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The Montreal Student Who Took a Picture of Anti-Police Graffiti Found Guilty of Criminal Harassment

The conviction stems from an incident in March 2013, wherein Jennifer Pawluck posted a picture of a mural clearly depicting police commander Ian Lafrenière with a bullet in his head.

Jennifer Pawluck, a 22-year-old student and activist, was found guilty of criminal harassment this afternoon in Montreal's provincial courthouse.

The conviction stems from an incident in March 2013, wherein Pawluck posted a picture of a mural clearly depicting police commander Ian Lafrenière with a bullet in his head followed by the hashtags #OneBulletOneCop and #AllCopsAreBastards.

Lafrenière is a 19-year veteran of Montreal's police force. He is also a media spokesperson for the City of Montreal Police Department (SPVM) which had to contend with the bulk of the 1,000 or so protests that took place during the spring of 2012, and was often accused of heavy handed crowd-control tactics.


Because of his media presence during the Maple Spring saga, Lafrenière became the face of the city's police at a time when tension between students and police was at an all-time high, making him an easy target for ridicule and threats.

So when Pawluck, who had been heavily involved with Maple Spring anti-tuition hike protests, posted the infamous photo on her now defunct "anarcommie" Instagram account, it was taken seriously. Very seriously.

Four days later, she was arrested and charged with criminal harassment, sparking intense debate about freedom of expression in the digital age.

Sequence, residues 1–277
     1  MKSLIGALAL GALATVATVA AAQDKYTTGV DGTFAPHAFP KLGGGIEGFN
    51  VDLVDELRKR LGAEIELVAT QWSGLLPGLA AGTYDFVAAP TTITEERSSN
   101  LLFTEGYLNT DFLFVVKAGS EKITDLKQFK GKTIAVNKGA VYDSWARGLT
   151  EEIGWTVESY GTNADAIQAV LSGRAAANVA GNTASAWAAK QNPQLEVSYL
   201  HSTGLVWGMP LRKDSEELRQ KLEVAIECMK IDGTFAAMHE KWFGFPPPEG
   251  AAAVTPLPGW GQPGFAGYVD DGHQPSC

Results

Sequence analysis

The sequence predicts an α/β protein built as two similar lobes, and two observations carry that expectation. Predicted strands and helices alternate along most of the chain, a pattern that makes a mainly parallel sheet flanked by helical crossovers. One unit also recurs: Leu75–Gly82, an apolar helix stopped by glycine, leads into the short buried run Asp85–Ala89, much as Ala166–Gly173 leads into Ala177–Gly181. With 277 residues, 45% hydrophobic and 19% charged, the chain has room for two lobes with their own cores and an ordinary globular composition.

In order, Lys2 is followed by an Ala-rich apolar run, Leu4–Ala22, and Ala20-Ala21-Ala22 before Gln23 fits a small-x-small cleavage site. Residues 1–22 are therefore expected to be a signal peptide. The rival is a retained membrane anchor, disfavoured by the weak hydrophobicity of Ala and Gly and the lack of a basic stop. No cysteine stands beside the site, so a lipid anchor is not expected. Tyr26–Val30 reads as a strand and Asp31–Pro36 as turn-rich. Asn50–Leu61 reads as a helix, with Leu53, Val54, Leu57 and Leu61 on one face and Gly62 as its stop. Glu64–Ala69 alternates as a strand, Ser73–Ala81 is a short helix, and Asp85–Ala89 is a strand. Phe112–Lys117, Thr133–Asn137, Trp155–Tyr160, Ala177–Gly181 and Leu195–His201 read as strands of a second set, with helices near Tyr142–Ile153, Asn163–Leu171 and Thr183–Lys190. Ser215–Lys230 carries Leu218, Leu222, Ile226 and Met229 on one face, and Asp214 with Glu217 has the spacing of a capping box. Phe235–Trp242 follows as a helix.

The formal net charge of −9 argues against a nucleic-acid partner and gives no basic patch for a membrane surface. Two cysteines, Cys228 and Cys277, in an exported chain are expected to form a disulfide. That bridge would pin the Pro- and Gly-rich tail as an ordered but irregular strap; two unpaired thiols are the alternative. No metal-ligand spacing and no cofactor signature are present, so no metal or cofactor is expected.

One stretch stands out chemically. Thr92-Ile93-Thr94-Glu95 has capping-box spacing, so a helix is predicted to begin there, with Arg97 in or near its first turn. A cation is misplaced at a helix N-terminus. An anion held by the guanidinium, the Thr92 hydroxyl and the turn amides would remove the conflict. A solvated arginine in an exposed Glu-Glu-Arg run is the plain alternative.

"Many of my friends do not like the police," Pawluck told the Huffington Post Québec in 2013. "I thought it would be funny to put the picture on Instagram. I do not even know who he is, Ian Lafrenière."

In court last February, the student activist changed her tune slightly, stating that she didn't have a problem with the police per se, but rather with "what they represented."

"It wasn't my intention to target him personally," she testified, adding that she ultimately understood why Cmdt. Lafrenière would feel threatened. Still, Pawluck said she only took the photo because she liked the artwork and didn't even know who Lafrenière was when she stumbled upon the mural in the city's Hochelaga-Maisonneuve neighborhood.

At trial, Pawluck's lawyer argued that posting a photo of graffiti on an Instagram account with 81 followers could not possibly constitute criminal harassment and that her her client lacked the criminal intent necessary to find her guilty of the offense.


Provincial Court judge Marie-Josée Di Lallo obviously did not buy it and instead found Pawluck guilty as charged, ruling that Lafrenière had reasonable grounds to feel threatened by the photo, the Montreal Gazette reported.

In her judgement, Di Lallo added that she had trouble believing that somebody as involved in the 2012 student protests—Pawluck had been arrested on three different occasions during protests—would not know who Lafrenière was, as she claimed.

During the trial, Cmdt. Lafrenière had testified that the photo had made him fear for his well-being and frightened his family to the point that his wife had to take time off work.

"I'd never been threatened like that, even when working on organized crime cases," he told the Court during the trial.

The Pawluck case may not have occupied that place for very long though, because within days, Quebec's provincial police, working in concert with the ATF and authorities in Birmingham, Alabama, uncovered a online plot to kill Cmdt. Lafrenière. When the two men involved in the plot were arrested, they were in possession of an AK-47 and planning to sell 200 silencers to undercover agents.

VICE spoke with Lafrenière, who said he would not be commenting on the case until after sentencing arguments are heard on May 14 in the Pawluck case—the day before a court appearance in the AK-47 case.

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